How not to fall victim to the star notation of the convolution?

# Introduction

Taking advantage of the introduction of delays in the previous article, I wanted to warn you against a common pitfall when talking about the convolution .

The star notation $x[n] \ast h[n]$ is very convenient. It must, however, be used with caution.

The following notation should be clear to you by now

$y[n] = x[n] \ast h[n], n \in \mathbb{Z}. \quad (1)$

What if we wanted to obtain a delayed version of $y[n]$, i. e., $y[n-n_0]$? A natural move would be to substitute $n \leftarrow n-n_0$

$y[n-n_0] \stackrel{?}{=} x[n-n_0] \ast h[n-n_0], \quad (2)$

but… Let’s evaluate the right hand side of “Equation” 2

$x[n-n_0] \ast h[n-n_0] = \sum_{k=-\infty}^{\infty} x[k-n_0] h[n-n_0 - k] = \\ \sum_{k=-\infty}^{\infty} x[k] h[n-2n_0 - k] = y[n-2n_0]. \quad (3)$

By blindly substituting $n \leftarrow n-n_0$, we overshot the desired delay by a factor of two.

The correct way to write this is [1, Eq. 2.52]

$y[n-n_0] = x[n] \ast h[n-n_0] = \sum_{k=-\infty}^{\infty} x[k] h[n-n_0 - k]. \quad (4)$

This is just one of many problems that arise when using the star notation.

## Useful notational tip

When the convolution looks any way different from the typical $x[n] \ast h[n]$, I try to bring it back to that basic form by defining “helper functions”. Then I use the definition of the convolution and substitute the original functions again, inserting the correct argument.

How this works is best explained through an example.

## Example 1: Both convolved signals delayed

Let’s say the operands of the convolution we need to perform are both delayed by different amounts, i. e., we want to calculate

$x[n-n_x] \ast h[n-n_h] = \dots \quad n,n_x,n_h \in \mathbb{Z}. \quad (5)$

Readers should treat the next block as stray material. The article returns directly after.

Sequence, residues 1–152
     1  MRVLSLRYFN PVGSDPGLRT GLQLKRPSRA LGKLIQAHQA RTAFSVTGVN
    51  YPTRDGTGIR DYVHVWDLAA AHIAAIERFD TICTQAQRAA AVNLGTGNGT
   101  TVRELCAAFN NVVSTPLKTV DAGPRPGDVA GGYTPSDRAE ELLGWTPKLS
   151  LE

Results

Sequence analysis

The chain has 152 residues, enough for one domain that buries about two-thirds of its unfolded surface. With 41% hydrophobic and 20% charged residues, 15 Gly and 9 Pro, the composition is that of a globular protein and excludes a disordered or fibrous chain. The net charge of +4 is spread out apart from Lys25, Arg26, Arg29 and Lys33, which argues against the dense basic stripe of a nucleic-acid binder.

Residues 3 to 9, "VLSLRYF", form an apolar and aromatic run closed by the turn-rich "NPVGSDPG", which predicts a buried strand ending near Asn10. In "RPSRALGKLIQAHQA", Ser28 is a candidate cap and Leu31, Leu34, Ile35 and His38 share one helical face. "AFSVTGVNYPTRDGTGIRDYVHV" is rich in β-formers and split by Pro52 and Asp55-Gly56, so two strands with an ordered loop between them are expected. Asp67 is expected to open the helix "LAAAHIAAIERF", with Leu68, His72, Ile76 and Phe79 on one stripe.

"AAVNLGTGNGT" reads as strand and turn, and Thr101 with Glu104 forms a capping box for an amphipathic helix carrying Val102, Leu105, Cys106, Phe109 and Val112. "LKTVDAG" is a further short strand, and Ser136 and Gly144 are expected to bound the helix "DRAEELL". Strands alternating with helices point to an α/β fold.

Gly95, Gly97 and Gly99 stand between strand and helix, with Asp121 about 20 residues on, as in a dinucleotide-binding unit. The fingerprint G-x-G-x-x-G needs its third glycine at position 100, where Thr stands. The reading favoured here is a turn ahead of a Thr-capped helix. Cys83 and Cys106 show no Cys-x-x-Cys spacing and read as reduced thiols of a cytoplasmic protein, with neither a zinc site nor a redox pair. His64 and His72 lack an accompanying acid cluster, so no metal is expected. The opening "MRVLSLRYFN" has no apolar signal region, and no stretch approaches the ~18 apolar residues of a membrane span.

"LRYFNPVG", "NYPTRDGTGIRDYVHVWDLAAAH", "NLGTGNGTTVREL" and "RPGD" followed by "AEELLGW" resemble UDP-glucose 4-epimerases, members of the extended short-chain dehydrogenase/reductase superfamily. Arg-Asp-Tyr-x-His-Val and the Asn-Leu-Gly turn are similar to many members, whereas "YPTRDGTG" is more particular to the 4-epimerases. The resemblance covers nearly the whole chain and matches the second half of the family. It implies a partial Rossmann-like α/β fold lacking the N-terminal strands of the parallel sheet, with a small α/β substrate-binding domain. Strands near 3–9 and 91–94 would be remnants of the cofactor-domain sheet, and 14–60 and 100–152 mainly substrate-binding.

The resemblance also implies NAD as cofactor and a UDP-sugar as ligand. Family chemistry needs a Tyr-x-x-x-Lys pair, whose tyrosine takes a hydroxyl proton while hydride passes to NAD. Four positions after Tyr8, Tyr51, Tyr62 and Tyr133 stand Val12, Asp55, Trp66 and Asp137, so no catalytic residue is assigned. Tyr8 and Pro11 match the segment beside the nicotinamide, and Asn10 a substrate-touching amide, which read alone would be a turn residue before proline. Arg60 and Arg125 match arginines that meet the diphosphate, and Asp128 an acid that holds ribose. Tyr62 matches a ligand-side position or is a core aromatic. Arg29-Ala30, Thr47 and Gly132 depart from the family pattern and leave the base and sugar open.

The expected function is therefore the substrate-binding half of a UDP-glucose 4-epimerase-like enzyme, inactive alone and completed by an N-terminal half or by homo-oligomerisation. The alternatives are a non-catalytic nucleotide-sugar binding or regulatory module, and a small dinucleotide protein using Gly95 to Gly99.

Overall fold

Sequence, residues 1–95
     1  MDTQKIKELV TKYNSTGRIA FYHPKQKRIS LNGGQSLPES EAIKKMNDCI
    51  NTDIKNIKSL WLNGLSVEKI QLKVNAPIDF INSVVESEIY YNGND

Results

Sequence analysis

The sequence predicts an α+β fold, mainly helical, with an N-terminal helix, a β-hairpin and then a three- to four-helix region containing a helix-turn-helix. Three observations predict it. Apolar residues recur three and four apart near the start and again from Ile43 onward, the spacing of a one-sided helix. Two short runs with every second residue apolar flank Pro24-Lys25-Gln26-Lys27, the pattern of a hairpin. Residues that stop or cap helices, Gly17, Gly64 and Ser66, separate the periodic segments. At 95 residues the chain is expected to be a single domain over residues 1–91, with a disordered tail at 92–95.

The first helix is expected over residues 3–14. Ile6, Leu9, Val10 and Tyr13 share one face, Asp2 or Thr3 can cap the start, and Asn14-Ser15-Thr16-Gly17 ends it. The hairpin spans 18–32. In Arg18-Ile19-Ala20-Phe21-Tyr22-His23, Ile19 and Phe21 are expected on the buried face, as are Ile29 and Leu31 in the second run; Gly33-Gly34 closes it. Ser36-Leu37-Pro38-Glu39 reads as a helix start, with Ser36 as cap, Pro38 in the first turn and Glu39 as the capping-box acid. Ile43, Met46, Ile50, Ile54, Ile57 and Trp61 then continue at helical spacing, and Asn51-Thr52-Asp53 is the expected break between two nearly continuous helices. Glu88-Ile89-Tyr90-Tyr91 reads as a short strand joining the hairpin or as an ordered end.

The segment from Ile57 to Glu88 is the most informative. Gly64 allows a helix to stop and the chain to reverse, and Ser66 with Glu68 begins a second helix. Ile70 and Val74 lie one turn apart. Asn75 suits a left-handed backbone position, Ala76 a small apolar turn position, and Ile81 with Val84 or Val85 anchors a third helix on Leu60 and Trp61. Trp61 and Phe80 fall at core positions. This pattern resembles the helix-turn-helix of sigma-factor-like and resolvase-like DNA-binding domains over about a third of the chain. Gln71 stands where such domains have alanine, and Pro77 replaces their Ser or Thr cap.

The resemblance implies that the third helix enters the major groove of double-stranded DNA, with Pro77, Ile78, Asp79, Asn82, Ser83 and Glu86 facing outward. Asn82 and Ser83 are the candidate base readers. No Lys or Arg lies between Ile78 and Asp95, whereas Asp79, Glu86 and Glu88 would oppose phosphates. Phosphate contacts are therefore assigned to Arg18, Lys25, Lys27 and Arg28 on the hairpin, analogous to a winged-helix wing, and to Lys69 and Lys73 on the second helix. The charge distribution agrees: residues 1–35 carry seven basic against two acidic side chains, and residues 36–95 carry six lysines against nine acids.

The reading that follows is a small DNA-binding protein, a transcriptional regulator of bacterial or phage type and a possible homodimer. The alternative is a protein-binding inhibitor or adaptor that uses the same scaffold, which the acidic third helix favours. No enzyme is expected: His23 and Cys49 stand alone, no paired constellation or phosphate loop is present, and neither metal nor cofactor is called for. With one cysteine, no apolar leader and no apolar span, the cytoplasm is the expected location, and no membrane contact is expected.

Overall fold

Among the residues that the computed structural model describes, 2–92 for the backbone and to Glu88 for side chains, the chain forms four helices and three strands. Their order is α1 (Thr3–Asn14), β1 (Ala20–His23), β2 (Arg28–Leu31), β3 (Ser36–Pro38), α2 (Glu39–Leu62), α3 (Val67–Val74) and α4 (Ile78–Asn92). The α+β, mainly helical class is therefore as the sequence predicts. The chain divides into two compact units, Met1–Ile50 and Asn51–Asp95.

Let’s define two “helper functions” $x_1[n], h_1[n]$

$x_1[n] = x[n-n_x], \quad (6)$

$h_1[n] = h[n-n_h]. \quad (7)$

Now we can insert these functions into Equation 5

$x[n-n_x] \ast h[n-n_h] = x_1[n] \ast h_1[n], \quad (8)$

use the definition of the convolution

$x_1[n] \ast h_1[n] = \sum_{k=-\infty}^{\infty} x_1[k] h_1[n-k], \quad (9)$

and finally substitute the original functions $x[n]$ and $h[n]$ according to Equations 6 and 7 respectively

$\sum_{k=-\infty}^{\infty} x_1[k] h_1[n-k] = \sum_{k=-\infty}^{\infty} x[k-n_x] h[n - k - n_h]. \quad (10)$

This approach always works for me. At the same time, any shortcuts in an attempt not to use it inevitably led me to an error in calculations.

## Example 2: One of the convolved signal is time-reversed

This final example should make clear why “helper functions” ensure us that we correctly evaluate the star notation. In this example, one of the operands is time-reversed.

$x[n] \ast h[-n] \stackrel{h_2[n]=h[-n]}{=} x[n] \ast h_2[n] = \sum_{k=-\infty}^{\infty} x[k] h_2[n-k]\\ \stackrel{h_2[n-k]=h[-(n-k)]}{=} \sum_{k=-\infty}^{\infty} x[k] h[k-n]. \quad (11)$

Is it possible to guess the correct answer right away? Yes, definitely. But it is not easy, especially if the arguments get even more complicated and the convolution is a part of a much larger body of derivations.

# Summary

In this article, we discussed notational issues concerning the discrete convolution and how to avoid common pitfalls when using the star notation. It all boils down to the idea of using “helper functions”.

# Bibliography

 A. V. Oppenheim, R. W. Schafer Discrete-Time Signal Processing, 3rd Edition, Pearson 2010.